Now imagine this: you are a 17-year-old public schoolboy helping out a family friend at his music business in London over the summer. A couple of people suggest you should be a model so, for a laugh, you visit the agency Select. Just as you are being turned away for having no pictures, someone says "hold on a minute"; three weeks later you are in New York working with Steven Meisel for Italian Vogue. Two weeks after that Miu Miu books you as its new face. For most people, this is the stuff of dreams, but fortunately for Malvern lad James Rousseau (right), who is now 18, this is the unbelievable truth.
Welcome to the wonderful Gattaca-like world of the male model. Both of these men are incredibly lucky, but then they are also absolutely beautiful - not hunky, or rugged, or conventionally sexy - but beautiful with their to-die-for cheekbones, mesmerising eyes and perfect skin.
Robert has the jammier deal. He has been employed under what is known in the trade as an exclusive, which means he can't work for another designer until the campaign featuring him (beginning in February issues of the glossies) is well established, and he is known as the Gucci boy, and nothing else.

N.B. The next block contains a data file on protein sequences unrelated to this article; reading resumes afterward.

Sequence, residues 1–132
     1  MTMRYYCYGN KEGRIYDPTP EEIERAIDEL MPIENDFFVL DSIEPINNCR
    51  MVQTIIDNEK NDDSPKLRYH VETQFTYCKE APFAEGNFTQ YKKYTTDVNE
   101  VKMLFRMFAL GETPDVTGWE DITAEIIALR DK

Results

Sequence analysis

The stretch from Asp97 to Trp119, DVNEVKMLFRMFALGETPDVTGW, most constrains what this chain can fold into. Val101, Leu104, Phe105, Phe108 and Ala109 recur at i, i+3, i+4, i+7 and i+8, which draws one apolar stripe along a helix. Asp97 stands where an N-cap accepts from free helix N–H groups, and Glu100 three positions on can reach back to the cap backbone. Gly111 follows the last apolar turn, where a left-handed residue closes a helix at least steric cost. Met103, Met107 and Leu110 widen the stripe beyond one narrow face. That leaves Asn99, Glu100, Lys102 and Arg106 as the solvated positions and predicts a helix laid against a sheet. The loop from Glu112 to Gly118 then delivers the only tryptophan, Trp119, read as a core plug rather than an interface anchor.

James, on the other hand, is the Miu Miu boy, but he doesn't have an exclusive. Robert reliably informs me that there are only two of these deals on offer to male models. The other is for Prada, and Freddy Drabble, a London-based model, has been signed up for the second time running.
For any model, getting an exclusive is the big break. It could mean fame, it certainly means fortune and sometimes it means celebrity - it did for Kate Moss when Calvin Klein signed her up. Beefcake male model Marcus Schenkenberg found fame through Versace with such a deal.
Robert Konjic (pronounced Konich), however, is just happy to be the Gucci boy. It means he doesn't have to work too hard at modelling. He was flown to Milan two weeks ago to do the Gucci show but, ironically, was cancelled at the last minute. Tom Ford wanted "football hooligan" types and Robert was thought "too beautiful", which really makes him laugh. "Two years ago I was fitting engines at a Volvo factory; a year before that I was a cocktail waiter," he says.
He still can't believe he got paid "a lot of money" to take his clothes off and pose with a beautiful model for the Gucci perfume campaign (he also models sheer underwear and the mainline collection). The moment when photographer Mario Testino asked them to be intimate proved the hardest. "I was thinking, `Cow, cow, chicken, chicken', anything to put my mind off what was happening. Eventually I had to ask for time out, it was very embarrassing," he reveals.
As for James Rousseau, he is sitting four mock A-levels, and is back at college where, he says, "they put me back in my place".